Since all statewide offices are up for election this year, here are the most recent results for three of the more hotly contested races:
Governor: Jerry Brown (D) demonstrated his continuing strength with voters by garnering 54.1 percent of the vote. Republican candidate Neel Kashkari finished second with 19.3 percent. As one political writer put it “there was a collective exhale” in the state’s GOP establishment after Kashkari’s win over more controversial candidate Assemblymember Tim Donnelly (R-Twin Peaks).
Secretary of State: State Senator Alex Padilla (D-Pacoima), with 30.0 percent, and Republican candidate Pete Peterson, with 29.8 percent of the vote, will meet in November. Of some surprise was the third place finish of Senator Leland Yee (D-San Francisco) whose name appeared on the ballot despite his arrest on federal charges of alleged corruption and illegal gunrunning.
Controller: The top vote getter was Fresno Mayor Ashley Swearengin (R) with 24.6 percent, followed closely by formed Assembly Speaker John Perez (D-Los Angeles) with 21.6 percent, relatively unknown Republican candidate David Evans with 21.6 percent, and Board of Equalization Member Betty Yee (D-San Francisco) with 21.4 percent of the vote. With ballots still being counted, this contest remains too close to call.
Friday, 06, June, 2014
Medi-Cal Hospital Fee Ballot Initiative
On June 3, the California Hospital Association (CHA) announced that the ballot initiative intended to protect the hospital provider fee would not go before the state’s voters on the November 4, 2014 General Election ballot, but would likely be on the November 8, 2016 General Election ballot instead. The following is an excerpt from CHA’s announcement:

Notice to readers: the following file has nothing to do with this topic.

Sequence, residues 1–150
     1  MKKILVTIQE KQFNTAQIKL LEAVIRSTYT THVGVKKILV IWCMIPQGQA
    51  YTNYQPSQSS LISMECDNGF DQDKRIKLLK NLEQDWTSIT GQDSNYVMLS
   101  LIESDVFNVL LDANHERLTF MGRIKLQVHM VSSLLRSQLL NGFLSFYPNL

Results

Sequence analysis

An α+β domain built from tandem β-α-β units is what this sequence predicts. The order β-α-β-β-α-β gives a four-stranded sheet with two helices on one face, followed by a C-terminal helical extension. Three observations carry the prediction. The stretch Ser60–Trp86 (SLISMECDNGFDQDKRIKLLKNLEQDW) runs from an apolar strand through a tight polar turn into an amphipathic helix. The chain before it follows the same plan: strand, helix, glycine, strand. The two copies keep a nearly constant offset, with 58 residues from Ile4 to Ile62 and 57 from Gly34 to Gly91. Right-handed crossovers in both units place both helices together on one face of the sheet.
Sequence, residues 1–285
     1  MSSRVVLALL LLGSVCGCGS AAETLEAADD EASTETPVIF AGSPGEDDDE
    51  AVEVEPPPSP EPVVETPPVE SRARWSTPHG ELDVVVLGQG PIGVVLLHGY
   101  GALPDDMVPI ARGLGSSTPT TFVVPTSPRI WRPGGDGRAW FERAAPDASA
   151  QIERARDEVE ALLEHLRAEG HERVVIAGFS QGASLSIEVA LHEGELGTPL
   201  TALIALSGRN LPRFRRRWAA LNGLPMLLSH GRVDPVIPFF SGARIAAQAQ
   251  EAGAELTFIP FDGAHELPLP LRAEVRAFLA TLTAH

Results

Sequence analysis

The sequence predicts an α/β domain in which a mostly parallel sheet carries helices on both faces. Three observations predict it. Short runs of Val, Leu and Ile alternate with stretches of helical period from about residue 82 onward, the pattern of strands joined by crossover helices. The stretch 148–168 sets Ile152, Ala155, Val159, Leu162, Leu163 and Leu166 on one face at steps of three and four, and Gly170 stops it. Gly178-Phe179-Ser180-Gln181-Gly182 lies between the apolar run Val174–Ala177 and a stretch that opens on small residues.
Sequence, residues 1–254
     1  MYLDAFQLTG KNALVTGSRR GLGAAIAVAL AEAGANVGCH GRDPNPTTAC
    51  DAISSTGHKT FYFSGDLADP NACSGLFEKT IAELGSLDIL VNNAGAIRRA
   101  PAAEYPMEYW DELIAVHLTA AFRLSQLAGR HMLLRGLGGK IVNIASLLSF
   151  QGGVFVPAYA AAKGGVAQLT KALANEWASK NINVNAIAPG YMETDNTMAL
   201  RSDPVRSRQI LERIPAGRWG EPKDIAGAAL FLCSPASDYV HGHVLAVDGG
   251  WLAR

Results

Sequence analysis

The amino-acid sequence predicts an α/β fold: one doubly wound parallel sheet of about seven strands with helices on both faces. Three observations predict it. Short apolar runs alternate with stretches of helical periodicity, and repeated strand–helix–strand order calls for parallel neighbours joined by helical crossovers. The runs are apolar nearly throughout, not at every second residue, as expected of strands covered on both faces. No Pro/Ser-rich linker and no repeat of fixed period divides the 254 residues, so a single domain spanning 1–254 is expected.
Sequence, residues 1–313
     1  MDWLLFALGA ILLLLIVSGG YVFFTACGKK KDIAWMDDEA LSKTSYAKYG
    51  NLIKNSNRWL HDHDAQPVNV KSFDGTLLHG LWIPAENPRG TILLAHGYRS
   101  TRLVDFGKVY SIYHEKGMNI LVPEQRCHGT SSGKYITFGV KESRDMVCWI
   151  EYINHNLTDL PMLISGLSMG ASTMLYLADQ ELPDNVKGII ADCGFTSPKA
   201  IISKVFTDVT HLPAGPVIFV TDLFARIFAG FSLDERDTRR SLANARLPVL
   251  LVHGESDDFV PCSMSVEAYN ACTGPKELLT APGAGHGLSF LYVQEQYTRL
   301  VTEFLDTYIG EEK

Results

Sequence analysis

Plans were on schedule to qualify the CHA-sponsored initiative to protect hospitals under any hospital tax, fee or assessment program and to put into law the Medi-Cal fee program on a permanent basis.
Signatures were collected by the most respected firm in California. To our disappointment, the firm did not eliminate all duplicate signatures. Because of the duplicate rate formula for random count qualification, the counties must verify all signatures submitted through individual petition verification.
The result is that the initiative will not be certified as “qualified” by June 26, 2014, the constitutional deadline for an initiative to be qualified and placed on the November 4, 2014, general election ballot. Therefore, it will appear on the November 8, 2016, ballot.
Friday, 06, June, 2014
AG Public Hearing on Hospital Transaction Regulations
As reported in April, the California Attorney General’s office issued a Notice of Proposed Rulemaking that proposes to amend the regulations governing the AG’s review and approval of nonprofit hospital transactions. This is on a parallel track with SB 1094 (Lara). The text of the regulations is similar to SB 1094, with several additional provisions that make them more onerous than the bill. Both the proposed amendments to the regulations and SB 1094 greatly expands the AG’s existing authority giving the AG almost unlimited power to change the conditions agreed to by the parties in a hospital transaction, after the acquisition of the facility is completed. In addition, the amendments to the regulation propose a specific section on reproductive health care services reporting and data requirements. The Alliance will be submitting its comment letter by the June 13 written comment deadline.
Also, as part of the rulemaking process, the Department of Justice held a public hearing on Wednesday (June 4), in advance of the comment letter deadline, to receive public comment on the proposed regulatory action. Representatives of the Alliance and the California Hospital Association testified in opposition to the proposed rule change.
The other witnesses were local and state reproductive rights activists who strongly supported the proposed amendments. These individuals were highly critical of hospital transactions involving Catholic hospitals and/or their systems. The Alliance will respond to the misrepresentations made by these activists in our written comment letter. We will distribute our comment letter next week.